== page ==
Following a historic summit in Singapore on Tuesday, President Trump and Kim Jong Un signed a broad agreement, with the U.S. committing to a "new" diplomatic relationship with Pyongyang in exchange for leader Kim Jong Un's reaffirmation of his "firm and unwavering commitment to complete denuclearization of the Korean peninsula."

However, it wasn't immediately clear whether the agreement went beyond diplomatic platitudes or the half-dozen previous agreements North Korea has signed promising to denuclearize. Nor is it clear the two sides have a common definition of exactly what "denuclearization" entails. But a flurry of diplomacy with regional allies is expected to begin now to work that out. Secretary of State Mike Pompeo heads to Seoul tomorrow to meet with his counterparts from South Korea and Japan.

At the signing ceremony, which followed a day of meetings at the Capella hotel on Singapore's Sentosa Island, Trump said denuclearization of the Korean peninsula would come "very, very soon" and Kim announced that "the world will see a major change."

But details — apart from what could be seen in photographs of the document that Trump held up for cameras — were not immediately available.

"We're very proud of what took place today," Trump said. "We both want to do something, we both are going to do something, and we've developed a very special bond."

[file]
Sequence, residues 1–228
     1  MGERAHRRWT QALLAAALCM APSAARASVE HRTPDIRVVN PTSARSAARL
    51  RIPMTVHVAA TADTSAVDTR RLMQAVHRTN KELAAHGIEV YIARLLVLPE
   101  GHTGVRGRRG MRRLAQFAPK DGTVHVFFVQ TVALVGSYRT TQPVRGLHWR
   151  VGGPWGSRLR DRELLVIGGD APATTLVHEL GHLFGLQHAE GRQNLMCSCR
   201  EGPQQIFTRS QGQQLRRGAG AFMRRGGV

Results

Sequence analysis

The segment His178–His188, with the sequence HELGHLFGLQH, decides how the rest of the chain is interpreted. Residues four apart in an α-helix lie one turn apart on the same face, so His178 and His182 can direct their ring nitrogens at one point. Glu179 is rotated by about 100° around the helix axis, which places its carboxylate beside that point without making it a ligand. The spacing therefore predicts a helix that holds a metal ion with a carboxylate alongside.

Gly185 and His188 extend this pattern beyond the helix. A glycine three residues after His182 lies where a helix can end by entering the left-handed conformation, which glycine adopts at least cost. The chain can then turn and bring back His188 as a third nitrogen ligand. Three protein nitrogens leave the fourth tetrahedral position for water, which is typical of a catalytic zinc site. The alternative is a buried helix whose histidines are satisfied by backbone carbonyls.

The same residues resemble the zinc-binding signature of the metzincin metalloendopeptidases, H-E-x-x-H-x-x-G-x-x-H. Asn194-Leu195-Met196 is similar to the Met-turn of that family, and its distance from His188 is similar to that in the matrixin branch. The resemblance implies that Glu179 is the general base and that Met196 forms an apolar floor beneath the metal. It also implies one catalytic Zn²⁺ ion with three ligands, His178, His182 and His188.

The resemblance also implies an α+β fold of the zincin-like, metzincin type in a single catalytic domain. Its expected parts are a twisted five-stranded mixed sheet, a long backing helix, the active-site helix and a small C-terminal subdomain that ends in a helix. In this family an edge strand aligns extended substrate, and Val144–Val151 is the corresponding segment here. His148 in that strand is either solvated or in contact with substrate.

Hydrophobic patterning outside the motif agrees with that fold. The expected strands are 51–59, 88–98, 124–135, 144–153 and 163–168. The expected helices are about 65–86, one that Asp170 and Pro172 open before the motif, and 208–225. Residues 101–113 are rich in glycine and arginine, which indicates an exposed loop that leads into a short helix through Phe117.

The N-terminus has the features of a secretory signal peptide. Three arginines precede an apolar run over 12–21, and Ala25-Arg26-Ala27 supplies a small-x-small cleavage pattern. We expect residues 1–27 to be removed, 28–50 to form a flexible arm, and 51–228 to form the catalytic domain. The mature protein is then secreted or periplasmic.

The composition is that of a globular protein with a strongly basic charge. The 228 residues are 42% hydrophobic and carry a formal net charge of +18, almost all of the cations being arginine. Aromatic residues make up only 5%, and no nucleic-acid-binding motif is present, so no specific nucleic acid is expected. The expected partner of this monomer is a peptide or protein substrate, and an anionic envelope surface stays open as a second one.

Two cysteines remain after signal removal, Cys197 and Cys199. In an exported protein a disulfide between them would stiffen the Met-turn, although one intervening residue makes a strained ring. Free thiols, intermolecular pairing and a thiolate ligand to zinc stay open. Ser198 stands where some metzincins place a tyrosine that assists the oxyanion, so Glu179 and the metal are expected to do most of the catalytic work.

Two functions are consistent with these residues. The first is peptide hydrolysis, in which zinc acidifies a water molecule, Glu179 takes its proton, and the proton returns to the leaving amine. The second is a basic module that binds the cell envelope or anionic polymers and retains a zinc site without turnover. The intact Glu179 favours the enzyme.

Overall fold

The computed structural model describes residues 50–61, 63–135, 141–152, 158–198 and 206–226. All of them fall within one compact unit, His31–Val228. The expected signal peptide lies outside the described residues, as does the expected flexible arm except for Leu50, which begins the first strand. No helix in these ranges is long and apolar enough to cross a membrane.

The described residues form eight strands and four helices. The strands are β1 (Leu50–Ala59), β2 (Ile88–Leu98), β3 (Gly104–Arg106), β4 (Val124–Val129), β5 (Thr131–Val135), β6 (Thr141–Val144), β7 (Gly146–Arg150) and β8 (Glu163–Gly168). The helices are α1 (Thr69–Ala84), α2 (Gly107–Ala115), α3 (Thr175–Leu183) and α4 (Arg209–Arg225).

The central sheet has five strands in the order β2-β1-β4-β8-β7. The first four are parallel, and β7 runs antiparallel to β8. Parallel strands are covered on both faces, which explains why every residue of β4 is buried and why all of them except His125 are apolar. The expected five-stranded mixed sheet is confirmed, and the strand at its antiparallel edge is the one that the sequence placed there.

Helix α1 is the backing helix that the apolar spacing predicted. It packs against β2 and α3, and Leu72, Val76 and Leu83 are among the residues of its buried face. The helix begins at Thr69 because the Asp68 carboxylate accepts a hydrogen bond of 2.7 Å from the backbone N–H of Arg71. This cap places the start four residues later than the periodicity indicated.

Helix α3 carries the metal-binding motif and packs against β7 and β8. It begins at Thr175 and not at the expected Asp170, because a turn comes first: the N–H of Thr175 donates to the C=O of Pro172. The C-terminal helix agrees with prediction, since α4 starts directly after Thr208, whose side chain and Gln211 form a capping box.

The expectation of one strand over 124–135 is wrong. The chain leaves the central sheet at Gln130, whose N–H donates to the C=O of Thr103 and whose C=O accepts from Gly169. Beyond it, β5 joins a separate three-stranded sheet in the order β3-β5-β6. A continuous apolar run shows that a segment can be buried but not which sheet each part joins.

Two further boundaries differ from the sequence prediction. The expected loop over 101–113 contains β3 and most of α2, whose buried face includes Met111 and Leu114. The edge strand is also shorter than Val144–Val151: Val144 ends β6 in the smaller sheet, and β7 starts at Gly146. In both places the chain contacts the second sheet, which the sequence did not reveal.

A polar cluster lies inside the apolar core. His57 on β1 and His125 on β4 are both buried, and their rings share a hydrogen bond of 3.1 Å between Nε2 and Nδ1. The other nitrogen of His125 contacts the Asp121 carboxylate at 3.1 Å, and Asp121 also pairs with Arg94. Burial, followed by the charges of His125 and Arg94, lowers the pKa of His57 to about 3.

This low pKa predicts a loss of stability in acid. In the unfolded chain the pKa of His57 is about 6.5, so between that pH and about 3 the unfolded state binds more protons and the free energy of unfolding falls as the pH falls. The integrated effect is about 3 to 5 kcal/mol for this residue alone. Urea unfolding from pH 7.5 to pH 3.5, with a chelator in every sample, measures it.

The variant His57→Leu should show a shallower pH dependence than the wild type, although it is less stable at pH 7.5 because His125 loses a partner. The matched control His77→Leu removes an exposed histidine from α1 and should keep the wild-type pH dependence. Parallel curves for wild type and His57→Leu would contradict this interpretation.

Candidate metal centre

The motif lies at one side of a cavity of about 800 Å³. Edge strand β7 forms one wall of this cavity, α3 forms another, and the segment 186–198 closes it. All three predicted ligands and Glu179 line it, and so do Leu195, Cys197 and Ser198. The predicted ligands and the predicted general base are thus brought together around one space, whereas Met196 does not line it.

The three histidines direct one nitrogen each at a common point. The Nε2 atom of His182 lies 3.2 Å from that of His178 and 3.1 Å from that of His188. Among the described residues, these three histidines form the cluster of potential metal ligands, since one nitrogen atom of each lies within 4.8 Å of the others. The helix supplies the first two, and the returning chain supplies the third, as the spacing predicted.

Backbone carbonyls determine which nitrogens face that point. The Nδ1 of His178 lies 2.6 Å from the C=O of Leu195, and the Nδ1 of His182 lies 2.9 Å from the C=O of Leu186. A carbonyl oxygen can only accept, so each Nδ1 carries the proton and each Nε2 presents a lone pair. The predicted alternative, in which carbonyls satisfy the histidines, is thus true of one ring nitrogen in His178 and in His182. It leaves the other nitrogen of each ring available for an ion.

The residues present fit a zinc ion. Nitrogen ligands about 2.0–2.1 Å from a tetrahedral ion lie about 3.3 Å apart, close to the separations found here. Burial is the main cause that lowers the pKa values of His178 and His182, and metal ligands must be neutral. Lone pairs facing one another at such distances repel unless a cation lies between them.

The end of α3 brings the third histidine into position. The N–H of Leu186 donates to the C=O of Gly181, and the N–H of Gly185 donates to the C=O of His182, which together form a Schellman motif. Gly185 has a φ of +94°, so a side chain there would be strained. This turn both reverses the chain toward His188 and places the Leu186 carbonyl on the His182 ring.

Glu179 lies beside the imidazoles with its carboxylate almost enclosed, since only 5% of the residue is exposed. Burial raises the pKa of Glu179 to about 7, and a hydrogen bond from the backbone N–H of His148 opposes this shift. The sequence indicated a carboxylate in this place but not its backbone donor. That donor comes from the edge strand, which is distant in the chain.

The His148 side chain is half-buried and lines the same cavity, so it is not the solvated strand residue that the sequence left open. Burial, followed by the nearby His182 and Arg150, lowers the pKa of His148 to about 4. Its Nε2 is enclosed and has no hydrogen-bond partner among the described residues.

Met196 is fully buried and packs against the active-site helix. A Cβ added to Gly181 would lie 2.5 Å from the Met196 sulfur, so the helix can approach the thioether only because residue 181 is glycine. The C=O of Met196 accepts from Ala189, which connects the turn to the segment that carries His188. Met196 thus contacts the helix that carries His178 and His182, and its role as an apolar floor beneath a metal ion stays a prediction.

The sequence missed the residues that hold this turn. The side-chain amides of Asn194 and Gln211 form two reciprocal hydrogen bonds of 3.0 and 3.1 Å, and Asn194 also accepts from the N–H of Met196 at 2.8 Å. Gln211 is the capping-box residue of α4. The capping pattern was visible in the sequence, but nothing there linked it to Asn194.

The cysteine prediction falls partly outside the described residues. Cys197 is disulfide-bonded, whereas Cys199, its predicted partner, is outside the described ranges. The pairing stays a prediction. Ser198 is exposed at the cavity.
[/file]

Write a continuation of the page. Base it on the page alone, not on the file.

"People are going to be very impressed, people are going to be very happy and we're going to deal with a very big and dangerous problem for the world," the president said as the two signed documents, the details of which were not immediately made public.

"It worked out for both of us better than any of us could have expected. This is going to lead to more and more and more. It's an honor to be with you, it's a great honor," he said to Kim.

Kim thanked Trump for making the summit possible. Asked whether he would invite Kim to the White House, Trump said, "Absolutely, I will." - Read More

Trump, Kim Sign Joint Document After Summit In Singapore



Monday, June 11, 2018

Trump-Kim summit: Singapore meeting begins as US and North Korean leaders shake hands – live

Donald Trump and Kim Jong-un have met at the Capella hotel on Sentosa Island in Singapore, the first meeting between a sitting US president and a North Korean leader.

They shook hands on the steps of the hotel before cameras. By Trump’s standards it was a relatively low-key handshake, with no jerky movements, though it lasted for about 12 seconds.